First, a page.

The gelding Legal Eagle then won three times, Do It Again won as a 3 year old and subsequent successful sires Cape Town Noir and Futura in the following years, until we come to the domination of Drakenstein Stud breds winning in 3 of the past 4 years.
Apart from Jet Master’s six Sire Championships, Foveros (GB) also achieved six Sire Championships in South Africa – and Gimmethegreenlight (Aus) has dominated the General Sires List in two of the past 3 years.
Charles Dickens and Jet Dark sit in esteemed company.
Trippi (USA) is in second place as the most prolific sire of Kings Plate Gr.1 winners with three so far, and only behind the Champion Sire Fairthorn (GB) (1942) who sired four winners who won the race 5 times in all: (Sea Cottage twice, Inverthorn, Muscovite, Fair Weather) back in the 1950s and 1960s.
Before leaving the King’s Plate, it’s noteworthy to look at race times and winning margins just out of interest:
Charles Dicken’s late great storming acceleration was reminiscent of Sea Cottage’s amazing burst in 1962, although Charles Dickens won by 2,75 lengths to Sea Cottage’s ¾ length, and Charles recorded a faster time.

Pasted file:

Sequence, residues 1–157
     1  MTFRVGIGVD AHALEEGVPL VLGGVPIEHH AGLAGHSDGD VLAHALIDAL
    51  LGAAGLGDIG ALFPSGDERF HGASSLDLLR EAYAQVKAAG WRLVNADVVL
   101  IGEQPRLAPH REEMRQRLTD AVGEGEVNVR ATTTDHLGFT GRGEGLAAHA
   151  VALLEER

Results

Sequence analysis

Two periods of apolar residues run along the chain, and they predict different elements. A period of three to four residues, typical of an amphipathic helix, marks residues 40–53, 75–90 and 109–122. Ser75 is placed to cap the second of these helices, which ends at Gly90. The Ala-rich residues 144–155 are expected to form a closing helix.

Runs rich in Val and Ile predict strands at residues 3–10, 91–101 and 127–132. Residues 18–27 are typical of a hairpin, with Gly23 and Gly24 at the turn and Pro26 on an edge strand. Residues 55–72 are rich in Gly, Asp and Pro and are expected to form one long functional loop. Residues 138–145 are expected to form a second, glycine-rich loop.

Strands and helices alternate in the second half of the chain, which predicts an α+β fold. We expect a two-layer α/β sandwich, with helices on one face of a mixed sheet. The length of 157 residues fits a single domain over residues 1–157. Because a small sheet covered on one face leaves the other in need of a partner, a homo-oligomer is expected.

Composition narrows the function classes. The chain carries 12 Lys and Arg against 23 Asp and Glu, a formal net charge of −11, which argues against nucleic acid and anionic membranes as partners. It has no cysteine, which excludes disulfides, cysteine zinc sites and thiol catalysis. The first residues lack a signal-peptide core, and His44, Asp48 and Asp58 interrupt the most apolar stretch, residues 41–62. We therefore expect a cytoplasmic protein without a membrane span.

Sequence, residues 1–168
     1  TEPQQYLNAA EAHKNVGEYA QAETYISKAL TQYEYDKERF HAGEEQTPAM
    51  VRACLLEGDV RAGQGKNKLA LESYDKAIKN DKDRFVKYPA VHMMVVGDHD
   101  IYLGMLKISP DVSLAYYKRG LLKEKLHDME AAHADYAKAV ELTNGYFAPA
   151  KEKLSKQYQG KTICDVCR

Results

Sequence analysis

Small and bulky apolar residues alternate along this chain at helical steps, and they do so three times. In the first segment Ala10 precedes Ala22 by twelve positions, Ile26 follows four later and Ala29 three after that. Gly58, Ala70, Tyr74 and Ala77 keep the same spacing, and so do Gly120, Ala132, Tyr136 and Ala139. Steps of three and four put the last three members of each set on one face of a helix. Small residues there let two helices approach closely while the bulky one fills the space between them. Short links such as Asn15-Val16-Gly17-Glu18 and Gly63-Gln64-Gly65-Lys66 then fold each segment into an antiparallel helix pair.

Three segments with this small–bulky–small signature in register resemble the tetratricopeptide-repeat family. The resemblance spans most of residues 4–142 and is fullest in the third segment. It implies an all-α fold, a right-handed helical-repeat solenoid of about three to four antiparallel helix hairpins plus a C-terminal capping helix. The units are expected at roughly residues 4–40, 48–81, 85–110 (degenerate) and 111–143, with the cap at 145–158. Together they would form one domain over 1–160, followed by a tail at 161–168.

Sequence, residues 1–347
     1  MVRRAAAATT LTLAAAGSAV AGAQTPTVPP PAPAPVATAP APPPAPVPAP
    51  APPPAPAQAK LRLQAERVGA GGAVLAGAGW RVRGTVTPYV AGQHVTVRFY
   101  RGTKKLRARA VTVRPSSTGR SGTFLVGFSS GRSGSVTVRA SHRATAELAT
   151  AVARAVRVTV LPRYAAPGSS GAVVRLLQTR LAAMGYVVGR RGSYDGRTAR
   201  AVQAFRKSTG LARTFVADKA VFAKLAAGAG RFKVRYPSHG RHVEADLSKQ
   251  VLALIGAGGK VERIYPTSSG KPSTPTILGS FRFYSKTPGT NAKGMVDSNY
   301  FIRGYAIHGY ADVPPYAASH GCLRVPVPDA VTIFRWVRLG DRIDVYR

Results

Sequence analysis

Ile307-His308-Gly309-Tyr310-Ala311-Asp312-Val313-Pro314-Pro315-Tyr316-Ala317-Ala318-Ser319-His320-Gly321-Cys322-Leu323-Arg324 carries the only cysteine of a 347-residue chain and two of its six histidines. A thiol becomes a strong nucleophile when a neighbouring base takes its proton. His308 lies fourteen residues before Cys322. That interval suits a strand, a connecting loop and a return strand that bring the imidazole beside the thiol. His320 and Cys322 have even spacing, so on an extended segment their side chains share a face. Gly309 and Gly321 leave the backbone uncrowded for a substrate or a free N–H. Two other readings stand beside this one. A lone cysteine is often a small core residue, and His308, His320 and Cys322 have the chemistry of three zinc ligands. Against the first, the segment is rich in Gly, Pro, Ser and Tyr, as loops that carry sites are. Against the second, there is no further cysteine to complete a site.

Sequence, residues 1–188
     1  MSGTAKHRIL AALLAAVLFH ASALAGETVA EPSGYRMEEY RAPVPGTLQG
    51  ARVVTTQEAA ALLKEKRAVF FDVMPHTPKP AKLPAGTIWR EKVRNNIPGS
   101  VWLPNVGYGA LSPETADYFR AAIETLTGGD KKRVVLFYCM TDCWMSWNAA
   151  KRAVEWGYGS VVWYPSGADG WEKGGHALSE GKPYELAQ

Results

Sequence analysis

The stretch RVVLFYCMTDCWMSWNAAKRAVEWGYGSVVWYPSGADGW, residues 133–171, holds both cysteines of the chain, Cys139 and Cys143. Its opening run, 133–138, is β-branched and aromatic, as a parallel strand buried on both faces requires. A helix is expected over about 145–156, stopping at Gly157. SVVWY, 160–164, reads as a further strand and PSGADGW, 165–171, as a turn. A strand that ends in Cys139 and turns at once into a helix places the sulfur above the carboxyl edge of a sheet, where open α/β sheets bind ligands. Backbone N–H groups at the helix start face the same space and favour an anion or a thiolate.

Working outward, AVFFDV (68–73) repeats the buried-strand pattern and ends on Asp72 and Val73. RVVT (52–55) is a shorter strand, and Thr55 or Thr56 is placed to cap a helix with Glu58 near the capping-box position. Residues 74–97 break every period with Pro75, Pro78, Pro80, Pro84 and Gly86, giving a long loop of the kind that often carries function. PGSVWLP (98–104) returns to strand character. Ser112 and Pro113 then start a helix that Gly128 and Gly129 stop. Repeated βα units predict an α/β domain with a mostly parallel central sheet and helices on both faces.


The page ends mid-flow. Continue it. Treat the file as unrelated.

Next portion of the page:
Wolf Power won by the same margin as Charles, but his time was a full second slower.
Jet Master won by 3,25 lengths in 0,2 secs faster than Charles Dickens; Gimmethegreenlight almost identical time, but won in a photo finish.
William Penn, Yataghan, Sledgehammer, Politician and Foveros were all more than a second slower.
Charles Dickens career has a way to go before he concludes, but it’s safe to say that he will be amongst the greats of the turf and he and Jet Dark will be worthy successors to their sire Trippi, in what Gaynor Rupert noted in her victory speech on Saturday as “the future of Drakenstein stud”.
Trippi as a Racehorse
Trippi (born 1997) was a $65,000 two year old purchase by the founder of American racing syndicates, Cot Campbell’s Dogwood Farm, and he was trained by Hall of Fame trainer Todd Pletcher and ridden in almost all of his races by another Hall of Famer, jockey Jerry Bailey.
Trippi was named by Campbell after the All American star footballer, Charley Trippi, who turned 100 years old in 2022.
In his memoirs, Cot Campell wrote that the racehorse Trippi was “a real gentleman whose character could be seen in his lovely head and big generous eye”.
“Could he ever scorch the earth!” Campbell declared.
“In his races, he would break a half-length behind the field. But the next three strides would find him two lengths on top, and chances are he would never look back. He had this blinding speed.”